Yes! A potential client has emailed you saying they love your work and need help with a design project. (Insert happy dance here). Now it's time to freak out. Do you have the documents you need? Does your skill set match what they are looking for? omg omg omg. The last post of TFL, I talked about how to find the right clients for you and today we'll move onto that initial meeting.
BEFORE THE MEETING
Get yourself organized and send out proper documents to this potential client like your process page and pricing packages. Having a basic pricing document will instantly determine if your client really wants to spend the amount that you are worth.
Do some research about the person or business. Understand the basics of what services they provide and what help you could offer. If needed, do some research on their competitors.
Elevate how they communicate. Does the tone of their email match that ideal client of yours?
MEETING YOUR CLIENT
I prefer to do face-to-face meetings whenever possible - that could be at a coffee shop or through Skype. There is something about understanding a person's vibe that instantly speaks about their business more than a questionnaire could tell you. It also helps you AND the client realize you're a real person and not just an email address.
Determine how you want to be viewed by your client. This can be anything from knowledgeable and organized to flighty and messy. First impressions are everything, not just for you but for your client too! Most of my client relationships have turned into great friendships after I stopped worrying about being all buttoned up and professional and started being myself. I am still very organized, put strategies into place and gain full trust but I do so now in a more casual and personable way. I've decided to be a designer who is invested not only in my client's business but also their family and personal life.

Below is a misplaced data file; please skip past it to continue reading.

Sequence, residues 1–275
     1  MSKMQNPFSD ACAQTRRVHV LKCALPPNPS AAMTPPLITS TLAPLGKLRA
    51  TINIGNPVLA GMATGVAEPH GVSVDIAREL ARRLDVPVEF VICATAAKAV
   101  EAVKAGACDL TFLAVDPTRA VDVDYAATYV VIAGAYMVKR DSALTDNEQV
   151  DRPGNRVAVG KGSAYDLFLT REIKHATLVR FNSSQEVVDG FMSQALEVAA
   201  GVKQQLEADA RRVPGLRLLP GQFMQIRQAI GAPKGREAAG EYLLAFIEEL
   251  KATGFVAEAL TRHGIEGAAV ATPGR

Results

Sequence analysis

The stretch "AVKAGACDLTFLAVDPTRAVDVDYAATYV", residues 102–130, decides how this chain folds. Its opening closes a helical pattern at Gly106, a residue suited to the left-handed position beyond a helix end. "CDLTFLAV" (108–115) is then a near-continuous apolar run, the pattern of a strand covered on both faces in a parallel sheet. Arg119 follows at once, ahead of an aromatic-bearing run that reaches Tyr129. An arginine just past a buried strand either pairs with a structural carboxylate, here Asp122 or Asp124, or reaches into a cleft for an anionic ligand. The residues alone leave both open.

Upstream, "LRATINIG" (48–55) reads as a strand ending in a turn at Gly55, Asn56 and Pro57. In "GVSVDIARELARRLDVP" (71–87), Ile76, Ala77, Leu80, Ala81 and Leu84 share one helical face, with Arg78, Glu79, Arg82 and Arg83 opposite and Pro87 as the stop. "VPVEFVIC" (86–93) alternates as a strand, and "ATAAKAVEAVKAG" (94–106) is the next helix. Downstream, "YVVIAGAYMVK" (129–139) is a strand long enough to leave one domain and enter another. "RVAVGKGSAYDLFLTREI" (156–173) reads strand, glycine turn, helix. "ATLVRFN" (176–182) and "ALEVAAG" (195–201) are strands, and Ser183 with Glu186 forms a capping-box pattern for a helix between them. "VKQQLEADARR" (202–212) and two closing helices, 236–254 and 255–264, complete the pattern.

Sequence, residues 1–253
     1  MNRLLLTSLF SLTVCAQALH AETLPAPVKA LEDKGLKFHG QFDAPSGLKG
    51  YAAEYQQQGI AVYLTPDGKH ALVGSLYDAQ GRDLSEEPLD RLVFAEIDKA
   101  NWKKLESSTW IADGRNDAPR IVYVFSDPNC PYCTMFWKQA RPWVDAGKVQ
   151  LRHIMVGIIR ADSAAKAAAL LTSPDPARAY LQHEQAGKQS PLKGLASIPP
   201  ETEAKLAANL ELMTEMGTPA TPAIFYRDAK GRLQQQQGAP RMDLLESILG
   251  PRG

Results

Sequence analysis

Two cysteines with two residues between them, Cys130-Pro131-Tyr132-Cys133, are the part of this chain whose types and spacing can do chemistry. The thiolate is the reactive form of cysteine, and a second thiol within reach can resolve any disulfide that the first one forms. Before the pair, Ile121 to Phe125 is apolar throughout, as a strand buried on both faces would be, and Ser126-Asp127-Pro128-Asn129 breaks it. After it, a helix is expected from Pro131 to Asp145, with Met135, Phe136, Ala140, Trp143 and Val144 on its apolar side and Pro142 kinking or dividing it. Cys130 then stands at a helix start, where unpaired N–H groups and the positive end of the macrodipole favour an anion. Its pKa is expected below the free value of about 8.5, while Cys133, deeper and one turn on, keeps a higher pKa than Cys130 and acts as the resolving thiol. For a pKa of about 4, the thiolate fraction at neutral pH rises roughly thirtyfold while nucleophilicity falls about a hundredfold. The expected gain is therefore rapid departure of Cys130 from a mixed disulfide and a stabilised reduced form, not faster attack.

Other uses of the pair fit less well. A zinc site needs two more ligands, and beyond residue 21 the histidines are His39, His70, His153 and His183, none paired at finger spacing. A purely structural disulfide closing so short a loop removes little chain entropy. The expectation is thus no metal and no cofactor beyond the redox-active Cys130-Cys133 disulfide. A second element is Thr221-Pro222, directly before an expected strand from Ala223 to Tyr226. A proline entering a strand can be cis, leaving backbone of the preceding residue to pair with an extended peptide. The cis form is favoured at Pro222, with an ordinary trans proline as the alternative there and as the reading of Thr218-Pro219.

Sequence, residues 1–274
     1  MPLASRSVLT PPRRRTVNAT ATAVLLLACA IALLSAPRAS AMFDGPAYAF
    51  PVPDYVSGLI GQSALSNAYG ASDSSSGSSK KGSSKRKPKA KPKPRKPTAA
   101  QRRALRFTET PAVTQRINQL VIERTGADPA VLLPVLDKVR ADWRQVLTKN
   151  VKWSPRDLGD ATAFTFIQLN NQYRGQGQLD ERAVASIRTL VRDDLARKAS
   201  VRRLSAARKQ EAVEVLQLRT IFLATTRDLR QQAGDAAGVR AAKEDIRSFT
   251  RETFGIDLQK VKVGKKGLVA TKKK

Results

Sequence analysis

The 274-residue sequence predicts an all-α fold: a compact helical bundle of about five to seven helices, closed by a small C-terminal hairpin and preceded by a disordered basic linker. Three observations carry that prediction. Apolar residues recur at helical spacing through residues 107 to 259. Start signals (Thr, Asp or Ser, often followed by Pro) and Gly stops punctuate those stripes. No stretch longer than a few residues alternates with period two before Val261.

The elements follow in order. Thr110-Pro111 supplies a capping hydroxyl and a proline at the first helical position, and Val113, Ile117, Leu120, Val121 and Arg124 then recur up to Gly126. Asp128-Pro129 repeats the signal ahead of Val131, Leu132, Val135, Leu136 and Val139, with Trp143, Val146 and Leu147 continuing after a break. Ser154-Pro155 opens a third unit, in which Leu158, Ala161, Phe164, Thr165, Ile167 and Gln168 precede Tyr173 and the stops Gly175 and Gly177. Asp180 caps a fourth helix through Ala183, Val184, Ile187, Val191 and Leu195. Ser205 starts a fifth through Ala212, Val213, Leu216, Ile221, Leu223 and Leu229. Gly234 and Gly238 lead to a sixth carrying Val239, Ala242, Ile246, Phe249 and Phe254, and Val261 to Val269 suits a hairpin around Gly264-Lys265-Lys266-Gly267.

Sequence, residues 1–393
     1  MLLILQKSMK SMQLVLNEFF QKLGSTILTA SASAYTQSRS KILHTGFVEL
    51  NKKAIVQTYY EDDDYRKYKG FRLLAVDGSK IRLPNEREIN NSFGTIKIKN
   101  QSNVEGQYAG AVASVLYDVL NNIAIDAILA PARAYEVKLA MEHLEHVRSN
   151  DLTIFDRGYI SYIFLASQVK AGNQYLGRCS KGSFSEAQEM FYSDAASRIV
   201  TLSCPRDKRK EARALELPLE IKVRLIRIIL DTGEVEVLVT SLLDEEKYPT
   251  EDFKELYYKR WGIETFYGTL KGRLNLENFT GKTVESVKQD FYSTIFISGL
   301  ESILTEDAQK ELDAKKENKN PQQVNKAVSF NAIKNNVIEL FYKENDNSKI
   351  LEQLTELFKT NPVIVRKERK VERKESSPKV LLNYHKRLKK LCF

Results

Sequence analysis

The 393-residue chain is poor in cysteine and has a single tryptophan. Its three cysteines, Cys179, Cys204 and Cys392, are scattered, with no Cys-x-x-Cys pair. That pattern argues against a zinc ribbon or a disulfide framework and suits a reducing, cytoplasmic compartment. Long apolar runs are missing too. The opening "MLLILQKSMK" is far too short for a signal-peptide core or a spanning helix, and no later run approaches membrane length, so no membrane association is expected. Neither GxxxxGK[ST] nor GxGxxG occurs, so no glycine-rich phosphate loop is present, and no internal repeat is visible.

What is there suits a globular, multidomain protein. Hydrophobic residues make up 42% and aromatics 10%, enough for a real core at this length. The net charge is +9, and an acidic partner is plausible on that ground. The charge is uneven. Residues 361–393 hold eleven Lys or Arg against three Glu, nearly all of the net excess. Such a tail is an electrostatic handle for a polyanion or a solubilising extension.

DURING YOUR MEETING
Understand what the client's goals are for this project and what is specifically needed. Look at the big picture - they need a rebrand because their target market changed, they need a new website because they started selling product... Always keep in mind that you are helping another business and your goal is to help them succeed.
Determine a general timeline and explain your process. Bring a contract with you for them to take home or sign on the spot.
If you started a Pinterest board together or if they had any inspiration to share, print it out so you can talk about what they are attracted to. It's important that a client can tell you what they are drawn to. If they don't know, how are you suppose to?
Show off your knowledge and how it can benefit their business. Just because someone comes to you for a new logo doesn't mean that you can't take that to the next level and offer them a social strategy and graphics that go with it.
AFTER THE MEETING
Follow up with any existing questions, questionnaires, contracts and final pricing.
If they are on social media make sure to follow them and start engaging. Again this helps both of you relate to one-another. Ask your client if they want their rebranding process public. This is a great way to engage not only your fans but also attract new interested towards your clients business.
See the rest of a Freelance Life: 01 How to Begin, 02 Important Documents, 03 Finding the right Clients